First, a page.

Join us for some Himalayan Balsam Bashing!
Himalayan Balsam (Impatiens glandulifera) is an invasive non-native plant that has colonised some of the woodland stands in the Claypits. Balsam spreads exponentially – a single plant can produce 800 seeds disperse over 7m – and can outcompete many of our native species, tending towards monoculture. To control Balsam, we need to ‘bash’ the stems at least thrice yearly.
What is involved
Balsam Bashing involves cutting or pulling up the plant below the lowest root nodule before they can go to seed. If cutting, important to break the root so the Balsam can’t reseed.
What you need
Sturdy footwear (wellies or boots) and clothes you don’t mind roughing it up in.
We will provide the following:
- A yellow vest and gloves.
- Spades and secateurs to bash balsam
- Tea and refreshments
More on Balsam
Common: Himalayan balsam Latin name: Impatiens glandulifera Family: Balsaminaceae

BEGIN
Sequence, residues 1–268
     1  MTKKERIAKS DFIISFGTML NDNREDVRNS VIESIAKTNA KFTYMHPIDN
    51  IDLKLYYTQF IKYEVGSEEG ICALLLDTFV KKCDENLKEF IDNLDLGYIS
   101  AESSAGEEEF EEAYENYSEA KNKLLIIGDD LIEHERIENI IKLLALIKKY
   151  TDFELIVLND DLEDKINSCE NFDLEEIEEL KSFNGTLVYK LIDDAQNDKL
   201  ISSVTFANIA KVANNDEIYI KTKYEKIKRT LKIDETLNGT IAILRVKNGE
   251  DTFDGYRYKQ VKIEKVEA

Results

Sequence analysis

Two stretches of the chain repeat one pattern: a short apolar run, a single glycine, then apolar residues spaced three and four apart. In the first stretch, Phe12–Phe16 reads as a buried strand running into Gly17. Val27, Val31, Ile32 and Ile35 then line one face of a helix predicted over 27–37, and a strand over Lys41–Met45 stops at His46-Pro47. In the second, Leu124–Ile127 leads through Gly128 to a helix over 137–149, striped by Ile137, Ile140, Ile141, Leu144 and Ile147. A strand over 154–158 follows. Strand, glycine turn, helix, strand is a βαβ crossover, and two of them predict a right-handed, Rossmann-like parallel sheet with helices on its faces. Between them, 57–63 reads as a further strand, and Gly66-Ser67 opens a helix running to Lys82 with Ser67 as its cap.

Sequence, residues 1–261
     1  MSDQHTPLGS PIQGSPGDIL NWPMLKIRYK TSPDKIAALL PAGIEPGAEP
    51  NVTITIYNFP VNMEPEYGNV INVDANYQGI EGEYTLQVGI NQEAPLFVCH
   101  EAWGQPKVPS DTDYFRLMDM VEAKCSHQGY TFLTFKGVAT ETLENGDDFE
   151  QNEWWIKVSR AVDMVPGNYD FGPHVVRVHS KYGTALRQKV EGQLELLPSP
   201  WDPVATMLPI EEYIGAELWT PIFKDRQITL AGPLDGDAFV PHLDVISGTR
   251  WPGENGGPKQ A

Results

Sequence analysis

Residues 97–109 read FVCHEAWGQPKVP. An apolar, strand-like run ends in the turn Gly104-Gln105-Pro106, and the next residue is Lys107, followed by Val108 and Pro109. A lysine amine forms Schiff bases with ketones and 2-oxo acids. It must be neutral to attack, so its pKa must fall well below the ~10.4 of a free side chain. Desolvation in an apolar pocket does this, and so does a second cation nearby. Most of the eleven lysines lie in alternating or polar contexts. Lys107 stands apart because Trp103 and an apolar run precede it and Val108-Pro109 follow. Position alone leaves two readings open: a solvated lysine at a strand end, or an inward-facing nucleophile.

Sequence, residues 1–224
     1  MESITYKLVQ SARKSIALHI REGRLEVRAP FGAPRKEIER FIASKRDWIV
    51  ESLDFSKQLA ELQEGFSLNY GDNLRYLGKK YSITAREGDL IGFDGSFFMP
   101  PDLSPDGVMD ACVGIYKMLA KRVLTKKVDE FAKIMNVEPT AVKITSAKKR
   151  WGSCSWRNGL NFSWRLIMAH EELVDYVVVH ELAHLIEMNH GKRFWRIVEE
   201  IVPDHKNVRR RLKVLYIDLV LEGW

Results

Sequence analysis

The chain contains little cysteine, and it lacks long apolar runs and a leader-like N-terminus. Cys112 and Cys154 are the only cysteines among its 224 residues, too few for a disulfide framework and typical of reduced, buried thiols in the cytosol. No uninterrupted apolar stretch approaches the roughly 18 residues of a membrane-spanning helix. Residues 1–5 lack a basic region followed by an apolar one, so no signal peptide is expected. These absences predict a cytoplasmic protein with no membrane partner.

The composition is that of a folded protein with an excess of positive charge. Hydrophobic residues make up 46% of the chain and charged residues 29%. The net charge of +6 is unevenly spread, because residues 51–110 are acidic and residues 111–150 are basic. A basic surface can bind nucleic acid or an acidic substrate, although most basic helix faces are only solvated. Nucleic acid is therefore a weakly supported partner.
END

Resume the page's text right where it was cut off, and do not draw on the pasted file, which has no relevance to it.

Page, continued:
Characteristics: ‘Low light tolerance. Large flowers producing a lot of nectar attractive to pollinators, which also helps it spread quickly. Flowers between June and October. Speed pods explosively dispersed. Primary dispersal is by humans spreading the seeds and along watercourses.’
- Leaves: long, pointed leaves with serrated edges, grow in pairs or whorls of three along stems.
- Stems: The stems may be green or a striking red, often a mixture of the two.
- Flowers: vary between white, pink and purple with five petals giving a hooded appearance.
- Fruit: capsules explode open, firing seeds in all directions.
Habitat: Riverbanks and wasteland, gardens and allotments